Infrastructure assets have remained relatively immune to the negative sentiment from investors towards fossil fuels—good news for IOCs looking to sell off non-core pipelines, processing plants and storage tanks to generate cash. But this immunity may be waning. Investors like the steady source of revenue from these assets, which help to diversify their investment portfolios and can provide some protection from low oil prices.
Private equity houses and infrastructure funds have invested significant capital in oil and gas infrastructure in recent years, attracted by a steady source of revenue that can diversify riskier or more price-sensitive portfolios. Larger pension funds and sovereign wealth funds (SWFs)—which often team up with other investors to directly invest billions of pounds into a particular asset—have increased their direct allocations to private assets, including gas pipeline infrastructure. Many smaller pension funds allocate to the asset class indirectly through private equity or infrastructure funds.
“With oil and gas infrastructure assets, there is low operational expense for investors compared to greenfield or brownfield infrastructure, and no initial money cost beyond the investment for some assets,” says Justin Beardon, vice-president for investor research at Preqin, a data firm. “In addition, the gearing of some assets, particularly pipelines and other energy infrastructure distribution assets, is very attractive. Many assets have stable, long-term cashflows, and, prior to the past few months, they were deemed to have a growing or at least very stable demand over a long period.”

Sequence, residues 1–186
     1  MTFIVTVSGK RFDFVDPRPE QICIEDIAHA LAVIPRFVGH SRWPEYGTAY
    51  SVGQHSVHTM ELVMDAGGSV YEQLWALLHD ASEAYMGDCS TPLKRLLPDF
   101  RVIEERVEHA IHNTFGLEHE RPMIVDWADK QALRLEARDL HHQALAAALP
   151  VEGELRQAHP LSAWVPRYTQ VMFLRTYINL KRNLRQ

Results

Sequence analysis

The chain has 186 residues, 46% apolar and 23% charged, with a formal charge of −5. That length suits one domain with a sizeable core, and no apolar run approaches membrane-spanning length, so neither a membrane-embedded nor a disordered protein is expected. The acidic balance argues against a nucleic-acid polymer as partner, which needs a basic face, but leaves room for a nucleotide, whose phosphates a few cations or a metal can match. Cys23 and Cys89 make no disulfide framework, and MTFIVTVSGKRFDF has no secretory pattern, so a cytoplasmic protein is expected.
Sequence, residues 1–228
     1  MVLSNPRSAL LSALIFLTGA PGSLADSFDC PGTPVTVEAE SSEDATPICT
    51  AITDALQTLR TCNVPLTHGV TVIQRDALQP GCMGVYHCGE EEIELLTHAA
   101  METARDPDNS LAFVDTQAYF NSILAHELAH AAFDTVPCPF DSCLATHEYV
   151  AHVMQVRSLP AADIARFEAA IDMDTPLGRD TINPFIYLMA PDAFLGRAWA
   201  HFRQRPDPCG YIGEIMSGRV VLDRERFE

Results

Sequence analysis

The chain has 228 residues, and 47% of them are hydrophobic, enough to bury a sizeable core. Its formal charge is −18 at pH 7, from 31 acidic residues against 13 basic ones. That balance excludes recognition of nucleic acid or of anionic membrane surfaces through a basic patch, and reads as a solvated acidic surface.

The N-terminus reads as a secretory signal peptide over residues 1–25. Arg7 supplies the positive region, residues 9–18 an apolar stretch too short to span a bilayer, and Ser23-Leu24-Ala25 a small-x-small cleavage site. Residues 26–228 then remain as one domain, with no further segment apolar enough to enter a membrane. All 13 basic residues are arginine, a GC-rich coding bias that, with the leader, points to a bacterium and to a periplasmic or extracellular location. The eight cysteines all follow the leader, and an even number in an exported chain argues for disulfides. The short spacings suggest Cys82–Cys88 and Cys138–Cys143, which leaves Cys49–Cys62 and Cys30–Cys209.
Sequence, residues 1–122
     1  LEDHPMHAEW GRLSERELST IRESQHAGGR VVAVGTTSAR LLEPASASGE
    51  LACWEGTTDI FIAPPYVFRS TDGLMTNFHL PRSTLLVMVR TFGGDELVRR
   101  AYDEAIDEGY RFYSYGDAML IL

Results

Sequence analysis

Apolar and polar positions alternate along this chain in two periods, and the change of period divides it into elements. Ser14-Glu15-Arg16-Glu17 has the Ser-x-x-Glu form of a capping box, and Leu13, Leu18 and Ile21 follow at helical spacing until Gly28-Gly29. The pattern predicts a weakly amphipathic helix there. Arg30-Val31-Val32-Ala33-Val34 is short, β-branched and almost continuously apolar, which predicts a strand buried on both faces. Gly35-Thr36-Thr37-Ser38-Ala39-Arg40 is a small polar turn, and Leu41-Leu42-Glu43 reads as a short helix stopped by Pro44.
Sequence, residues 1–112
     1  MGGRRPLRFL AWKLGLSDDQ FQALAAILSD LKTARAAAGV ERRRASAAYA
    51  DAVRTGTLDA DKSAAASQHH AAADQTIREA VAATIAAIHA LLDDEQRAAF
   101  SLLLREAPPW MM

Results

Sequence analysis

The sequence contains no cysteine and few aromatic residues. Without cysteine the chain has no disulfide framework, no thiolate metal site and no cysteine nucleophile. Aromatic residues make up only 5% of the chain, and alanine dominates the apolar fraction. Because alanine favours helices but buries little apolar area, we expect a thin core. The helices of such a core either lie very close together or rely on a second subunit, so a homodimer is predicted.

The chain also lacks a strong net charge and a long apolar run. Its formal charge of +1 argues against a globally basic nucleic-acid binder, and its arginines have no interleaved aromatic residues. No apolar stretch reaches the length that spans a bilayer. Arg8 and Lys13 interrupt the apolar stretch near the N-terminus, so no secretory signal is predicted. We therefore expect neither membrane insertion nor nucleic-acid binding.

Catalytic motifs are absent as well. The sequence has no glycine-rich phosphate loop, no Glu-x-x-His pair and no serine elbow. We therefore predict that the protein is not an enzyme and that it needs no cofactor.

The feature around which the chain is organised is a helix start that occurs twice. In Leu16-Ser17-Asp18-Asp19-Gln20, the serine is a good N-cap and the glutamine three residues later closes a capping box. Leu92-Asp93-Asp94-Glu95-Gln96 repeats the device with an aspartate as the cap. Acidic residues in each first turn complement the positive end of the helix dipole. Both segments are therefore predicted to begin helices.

This year, Canadian midstreamer TC Energy sold its stake in the Coastal GasLink pipeline to Canadian and South Korean public pension funds, while Abu Dhabi’s Adnoc sold a half-share in its gas pipelines to a consortium of investors including private equity houses Global Infrastructure Partners and Brookfield as well as the Ontario Teachers’ Pension Plan and Singapore’s sovereign fund.
“With oil and gas infrastructure assets, there is low operational expense for investors compared to greenfield or brownfield infrastructure” Beardon, Preqin
Shell’s 26.5pc stake in gas assets for Australia’s QCLNG project is the latest prize up for grabs, catching the attention of some of the world’s biggest infrastructure investors.
Midstream assets, given their reduced commodity price sensitivity, are traditionally less affected by price moves than other parts of the value chain. But midstream US shale assets have been severely impacted due to the challenging conditions that have and could further impact production, according to Anish Butani, senior director for infrastructure at investment consultancy Bfinance. “The drop in commodity prices has affected the performance of North American investors who have been very focused on this sector. The European and North Sea markets are usually less volatile in terms of production and extraction of oil and gas.”